That's very application-like: check, then double check. It's driven by a background in coding where review is a mere formality, sometimes even felt as a lack of trust, even.

The Architect approach is to ask the users, what they are using, and then cross-reference that with the backend. Still, the ultimate end-goal is the list of applications as mentioned above.

The result? A messy mismatch between that what's there, and that's what supposedly in use - and then what?

Redoing a garden is a whole different story. There, the owner points out what he wants to keep and what he doesn't, and how he would like it to be. The gardener comes in after of without the landscaping architect, plants and builds everything according to the rough sketch, money passes hands and the customer's satisfied

Wow. That's quick. In IT, we had only a list that didn't add up much. Where did it go wrong?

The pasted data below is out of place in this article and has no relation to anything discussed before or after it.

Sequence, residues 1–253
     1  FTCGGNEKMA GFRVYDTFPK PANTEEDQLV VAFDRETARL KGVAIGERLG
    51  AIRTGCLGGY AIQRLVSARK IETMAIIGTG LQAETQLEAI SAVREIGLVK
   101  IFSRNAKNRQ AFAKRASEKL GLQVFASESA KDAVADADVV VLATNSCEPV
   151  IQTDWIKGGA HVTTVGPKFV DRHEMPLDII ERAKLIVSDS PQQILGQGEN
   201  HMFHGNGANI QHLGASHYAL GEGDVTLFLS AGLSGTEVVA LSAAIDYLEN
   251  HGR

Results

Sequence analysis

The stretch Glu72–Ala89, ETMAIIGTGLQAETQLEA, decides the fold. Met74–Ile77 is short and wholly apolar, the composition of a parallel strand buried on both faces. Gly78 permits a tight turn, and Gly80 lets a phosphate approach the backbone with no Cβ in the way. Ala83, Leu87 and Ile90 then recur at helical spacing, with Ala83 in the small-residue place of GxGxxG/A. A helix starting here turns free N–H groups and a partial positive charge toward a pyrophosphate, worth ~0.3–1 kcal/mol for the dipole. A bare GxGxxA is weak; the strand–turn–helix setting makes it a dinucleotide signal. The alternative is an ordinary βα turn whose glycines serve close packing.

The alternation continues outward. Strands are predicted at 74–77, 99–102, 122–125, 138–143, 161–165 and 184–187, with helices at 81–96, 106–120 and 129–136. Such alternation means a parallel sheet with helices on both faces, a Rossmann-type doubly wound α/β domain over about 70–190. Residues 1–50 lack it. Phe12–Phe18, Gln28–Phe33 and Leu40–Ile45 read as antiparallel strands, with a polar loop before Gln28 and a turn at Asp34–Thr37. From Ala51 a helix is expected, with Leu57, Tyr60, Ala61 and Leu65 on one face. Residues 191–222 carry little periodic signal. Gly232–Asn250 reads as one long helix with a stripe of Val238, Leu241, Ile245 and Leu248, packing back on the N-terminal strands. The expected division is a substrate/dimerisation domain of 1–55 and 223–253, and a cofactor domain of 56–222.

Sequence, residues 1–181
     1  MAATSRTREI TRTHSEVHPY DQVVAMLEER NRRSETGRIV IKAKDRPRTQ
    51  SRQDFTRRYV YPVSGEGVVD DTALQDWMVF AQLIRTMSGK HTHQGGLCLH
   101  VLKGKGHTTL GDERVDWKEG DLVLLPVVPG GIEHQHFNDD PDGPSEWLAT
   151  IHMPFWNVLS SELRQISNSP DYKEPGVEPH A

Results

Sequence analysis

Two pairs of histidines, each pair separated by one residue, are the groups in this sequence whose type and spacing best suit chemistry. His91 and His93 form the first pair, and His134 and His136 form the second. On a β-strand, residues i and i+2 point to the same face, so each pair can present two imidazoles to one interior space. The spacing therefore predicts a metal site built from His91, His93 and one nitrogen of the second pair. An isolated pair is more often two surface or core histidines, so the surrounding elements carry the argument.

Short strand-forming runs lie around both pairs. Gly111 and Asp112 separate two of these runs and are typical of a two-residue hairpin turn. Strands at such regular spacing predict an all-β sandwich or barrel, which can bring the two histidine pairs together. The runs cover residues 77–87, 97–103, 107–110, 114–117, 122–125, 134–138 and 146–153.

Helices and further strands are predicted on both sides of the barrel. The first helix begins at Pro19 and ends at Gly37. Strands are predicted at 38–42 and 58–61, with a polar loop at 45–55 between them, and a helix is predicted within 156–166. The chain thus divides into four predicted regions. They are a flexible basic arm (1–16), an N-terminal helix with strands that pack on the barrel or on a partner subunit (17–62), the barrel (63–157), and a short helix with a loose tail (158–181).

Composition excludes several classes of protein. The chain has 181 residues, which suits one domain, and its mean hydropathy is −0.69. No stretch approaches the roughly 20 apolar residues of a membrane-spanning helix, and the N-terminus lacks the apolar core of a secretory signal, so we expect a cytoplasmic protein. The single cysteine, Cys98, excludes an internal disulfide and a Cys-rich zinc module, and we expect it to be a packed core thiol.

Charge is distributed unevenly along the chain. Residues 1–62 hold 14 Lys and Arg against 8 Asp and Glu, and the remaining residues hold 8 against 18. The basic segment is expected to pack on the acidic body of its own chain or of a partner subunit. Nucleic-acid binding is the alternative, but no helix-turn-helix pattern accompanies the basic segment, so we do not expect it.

1. Overseeing a garden, even a big one, is a lot easier than overseeing an enterprise IT landscape. The difference is that people are actually using IT tools that aren't in the overview. However, much like people are making apple juice and marmelade off of a garden, those should just be considered out of scope
  2. Ownership in a garden is much less complicated, and a lot better 'documented'. There never is a tree or plant unaccounted for: if there are, they're just considered weeds, and exterminated
  3. Functionality of plants and trees is either blatantly obvious, explained by the owner, or irrelevant. No need to seek high and low for hidden features, advantages, disadvantages or risks